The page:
Friday, 24 March 2017

Genghis Khan (1965)

"It is better to light one candle than to curse the darkness."

Oh dear. This film is not very good, Where to start? Well, how about with the arse-clenchingly awful fact that all but a very few characters are played by white actors in yellowface, with James Mason's jaw-droppingly stereotyped performance as Kam Ling being quite something to behold. No amount of accounting for the different social mores of 1965 can let us escape from the fact that this is all incredibly racist.

Oh, the location filming looks impressive and epic, and you can tell that the film is trying to be Lawrence of Arabia. But this is somewhat undermined by the fact that this is a film about Genghis Khan that focuses mainly around inter-Mongol squabbling, the extensive interlude in China doesn't particularly involve him conquering the place, and there's a general lack of conquering going on. In fact, late on in the film, a quick burst of narration jumps smoothly over the conquests of China, Russia and India and jumps unconvincingly into the conquest of Khwarezm. Where's all the stuff we want to see in a film about Genghis Khan?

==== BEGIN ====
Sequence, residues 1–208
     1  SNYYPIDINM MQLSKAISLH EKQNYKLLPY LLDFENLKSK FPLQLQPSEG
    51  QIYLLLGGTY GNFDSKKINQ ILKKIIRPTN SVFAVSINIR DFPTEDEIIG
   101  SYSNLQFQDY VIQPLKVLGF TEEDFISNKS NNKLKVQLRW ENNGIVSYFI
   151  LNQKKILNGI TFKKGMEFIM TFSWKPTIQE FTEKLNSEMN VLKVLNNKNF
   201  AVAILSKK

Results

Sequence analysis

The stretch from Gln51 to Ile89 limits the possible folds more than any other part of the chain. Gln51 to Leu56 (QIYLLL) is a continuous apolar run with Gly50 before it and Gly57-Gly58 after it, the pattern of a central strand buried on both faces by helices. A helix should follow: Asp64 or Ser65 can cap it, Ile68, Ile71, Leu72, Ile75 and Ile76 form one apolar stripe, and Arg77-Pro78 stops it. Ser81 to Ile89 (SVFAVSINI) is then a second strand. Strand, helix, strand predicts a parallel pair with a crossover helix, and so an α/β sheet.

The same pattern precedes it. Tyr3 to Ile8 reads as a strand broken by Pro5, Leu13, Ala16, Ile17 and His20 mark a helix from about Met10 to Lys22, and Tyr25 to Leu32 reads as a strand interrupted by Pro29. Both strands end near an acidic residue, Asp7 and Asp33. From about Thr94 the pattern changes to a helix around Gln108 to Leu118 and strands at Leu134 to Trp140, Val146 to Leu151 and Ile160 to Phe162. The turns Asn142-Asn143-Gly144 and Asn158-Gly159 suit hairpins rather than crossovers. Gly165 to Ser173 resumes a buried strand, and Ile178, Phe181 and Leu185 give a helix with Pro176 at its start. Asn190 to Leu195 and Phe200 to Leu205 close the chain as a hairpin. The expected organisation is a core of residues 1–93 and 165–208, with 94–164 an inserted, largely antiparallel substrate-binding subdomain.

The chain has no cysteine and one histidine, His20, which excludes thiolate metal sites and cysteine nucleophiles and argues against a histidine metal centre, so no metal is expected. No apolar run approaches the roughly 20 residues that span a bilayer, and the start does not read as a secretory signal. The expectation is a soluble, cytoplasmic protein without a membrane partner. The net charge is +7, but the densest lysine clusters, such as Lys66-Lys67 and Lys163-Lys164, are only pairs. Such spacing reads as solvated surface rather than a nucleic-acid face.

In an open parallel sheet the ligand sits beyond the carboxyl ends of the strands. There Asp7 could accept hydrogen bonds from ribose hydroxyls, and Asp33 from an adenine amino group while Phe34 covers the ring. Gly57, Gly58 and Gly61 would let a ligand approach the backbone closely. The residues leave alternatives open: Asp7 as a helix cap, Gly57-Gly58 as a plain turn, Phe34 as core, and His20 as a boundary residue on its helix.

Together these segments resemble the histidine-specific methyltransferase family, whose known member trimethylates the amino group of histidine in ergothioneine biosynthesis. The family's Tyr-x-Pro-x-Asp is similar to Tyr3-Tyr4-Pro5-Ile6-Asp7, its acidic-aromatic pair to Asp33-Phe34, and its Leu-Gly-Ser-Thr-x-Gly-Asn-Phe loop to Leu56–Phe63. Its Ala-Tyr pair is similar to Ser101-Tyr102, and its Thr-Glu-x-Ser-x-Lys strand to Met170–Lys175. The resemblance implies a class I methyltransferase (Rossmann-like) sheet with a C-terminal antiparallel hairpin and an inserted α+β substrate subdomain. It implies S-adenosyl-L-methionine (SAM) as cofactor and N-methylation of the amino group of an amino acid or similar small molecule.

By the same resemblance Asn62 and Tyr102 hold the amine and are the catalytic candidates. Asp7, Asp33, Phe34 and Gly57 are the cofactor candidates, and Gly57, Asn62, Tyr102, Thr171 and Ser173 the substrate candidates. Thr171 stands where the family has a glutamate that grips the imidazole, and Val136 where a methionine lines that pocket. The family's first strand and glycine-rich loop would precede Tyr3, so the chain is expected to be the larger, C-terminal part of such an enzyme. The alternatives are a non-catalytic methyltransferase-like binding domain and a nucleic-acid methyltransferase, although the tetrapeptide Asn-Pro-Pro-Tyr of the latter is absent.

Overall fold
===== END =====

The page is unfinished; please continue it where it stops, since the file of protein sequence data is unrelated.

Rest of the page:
I accept that a film like this has to show a certain amount of historical inaccuracy, but making the film mostly about the rival between Temujin and his Mongol rival Jamuga is such a waste. And so, ultimately, is the film.

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